Shapley and Curtis disagreed to some extent on at least 14 astronomical issues. These are presented in the following paragraphs in roughly the order in which they occur in the printed texts (Shapley 1921, Curtis 1921), which is neither in order of importance nor according to any other pattern a modern reviewer would be likely to choose. According to the actual texts reproduced by Hoskin (1976), no other additional scientific points were made during the main talks, though some may have arisen during Russell's rebuttal or other parts of the discussion, no record of which has been preserved. Each paragraph indicated an issue, what each disputant thought (or anyhow wrote or said), what we think now and sometimes why, and who should be counted the winner on each issue.
1. Resolved F, G, and K stars in globular clusters. Shapley believed they were giants like local F-K giants, with absolute magnitudes near -3, placing average globular clusters 10-30 kpc from us. Curtis said they were like the commonest sorts of stars around us, F-K dwarfs, with average visual magnitudes of about +7, putting the clusters at a kpc or two. As became unambiguously clear when the first 200" color-magnitude diagrams of globulars reached the main sequence turn-off (e.g. Sandage 1953), Shapley was essentially right on this one.
2. B stars in globular clusters. Shapley said they should have absolute magnitudes near 0, like nearby main sequence late B and early A stars. Curtis responded that something very strange must be going on, since the brightest blue stars in the solar neighborhood are brighter than the brightest red stars, while the opposite is true in the clusters. It took the insight of Walter Baade and his data gathered during the black outs of WWII to sort this one out, with the concept of two stellar populations. Each of the speakers was right about the particular point he emphasized.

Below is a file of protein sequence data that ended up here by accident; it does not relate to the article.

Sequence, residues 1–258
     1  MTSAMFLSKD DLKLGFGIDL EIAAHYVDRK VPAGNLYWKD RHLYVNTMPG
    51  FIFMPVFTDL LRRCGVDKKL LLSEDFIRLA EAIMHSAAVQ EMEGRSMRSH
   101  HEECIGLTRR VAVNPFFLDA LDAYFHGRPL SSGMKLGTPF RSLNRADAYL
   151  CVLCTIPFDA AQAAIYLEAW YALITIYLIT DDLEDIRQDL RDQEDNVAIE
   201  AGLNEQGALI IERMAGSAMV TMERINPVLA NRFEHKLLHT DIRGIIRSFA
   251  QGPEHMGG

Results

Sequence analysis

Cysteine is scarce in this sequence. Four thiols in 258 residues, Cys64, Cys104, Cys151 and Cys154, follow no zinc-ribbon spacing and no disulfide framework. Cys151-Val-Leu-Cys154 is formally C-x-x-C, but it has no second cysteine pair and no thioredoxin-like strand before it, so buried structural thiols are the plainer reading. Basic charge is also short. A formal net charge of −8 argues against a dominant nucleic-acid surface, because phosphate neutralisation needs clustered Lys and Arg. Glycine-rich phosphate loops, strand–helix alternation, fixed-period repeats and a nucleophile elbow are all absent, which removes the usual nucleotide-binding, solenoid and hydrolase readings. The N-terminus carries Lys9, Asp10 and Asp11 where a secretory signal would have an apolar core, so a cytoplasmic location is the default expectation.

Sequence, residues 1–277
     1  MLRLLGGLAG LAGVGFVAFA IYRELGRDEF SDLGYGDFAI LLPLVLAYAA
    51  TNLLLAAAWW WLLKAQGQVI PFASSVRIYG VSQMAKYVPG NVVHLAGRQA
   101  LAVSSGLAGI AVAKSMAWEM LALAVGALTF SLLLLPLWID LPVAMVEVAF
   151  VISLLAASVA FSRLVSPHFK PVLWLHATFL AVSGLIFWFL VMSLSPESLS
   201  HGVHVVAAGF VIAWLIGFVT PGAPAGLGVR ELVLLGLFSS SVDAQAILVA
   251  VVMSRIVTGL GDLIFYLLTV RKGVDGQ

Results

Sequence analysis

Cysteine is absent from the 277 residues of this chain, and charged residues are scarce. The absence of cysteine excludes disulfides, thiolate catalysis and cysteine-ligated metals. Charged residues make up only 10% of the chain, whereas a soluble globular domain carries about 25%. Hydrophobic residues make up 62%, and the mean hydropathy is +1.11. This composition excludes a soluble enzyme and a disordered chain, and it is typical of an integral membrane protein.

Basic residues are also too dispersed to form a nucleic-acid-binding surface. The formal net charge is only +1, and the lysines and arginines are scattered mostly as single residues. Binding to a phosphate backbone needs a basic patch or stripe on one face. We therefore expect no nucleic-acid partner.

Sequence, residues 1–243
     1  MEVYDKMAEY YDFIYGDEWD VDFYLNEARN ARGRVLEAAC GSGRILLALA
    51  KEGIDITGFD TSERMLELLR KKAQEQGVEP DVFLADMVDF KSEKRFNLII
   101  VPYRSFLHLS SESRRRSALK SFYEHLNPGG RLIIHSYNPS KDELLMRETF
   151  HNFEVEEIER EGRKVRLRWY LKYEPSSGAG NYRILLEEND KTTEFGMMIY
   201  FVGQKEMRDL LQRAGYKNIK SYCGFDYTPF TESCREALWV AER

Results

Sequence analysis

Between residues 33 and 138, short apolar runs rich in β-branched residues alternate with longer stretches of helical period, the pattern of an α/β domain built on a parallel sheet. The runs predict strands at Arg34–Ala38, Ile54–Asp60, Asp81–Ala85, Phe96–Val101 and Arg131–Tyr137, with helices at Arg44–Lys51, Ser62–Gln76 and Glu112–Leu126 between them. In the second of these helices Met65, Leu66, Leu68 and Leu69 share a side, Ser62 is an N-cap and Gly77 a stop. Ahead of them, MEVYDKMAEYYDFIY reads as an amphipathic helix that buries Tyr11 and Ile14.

3. Cepheids as distance indicators. Shapley used the relative period-luminosity relation found in the Large Magellanic Cloud with its zero point calibrated on a handful of Milky Way disk examples using statistical parallax. He noted that the nearby Cepheids of the cluster type (that is, RR Lyrae stars) are high velocity objects and must not be used for the calibration. Curtis responded that there was no evidence for a period-luminosity relation in the Milky Way, and that a larger sample, including some stars with geometric parallax measurements, even ruled it out. This was the point on which he said most firmly "more data are needed." When they came, Milky Way Cepheids did display a P-L relation, based both on secular parallaxes (or statistical) and on open cluster members. But the zero point was offset from the globular cluster one by more than a magnitude. This also was the work of Baade, who knew something was wrong the day (or rather night) he turned the 200" toward Andromeda and saw no RR Lyrae stars. Curtis was right about "more data" but wrong about what they would show -- he had placed too much faith in tiny geometric parallaxes, though he had more sense (paragraph 14) than to be misled by tiny proper motions. Shapley was right that Cepheids are generally good distance indicators.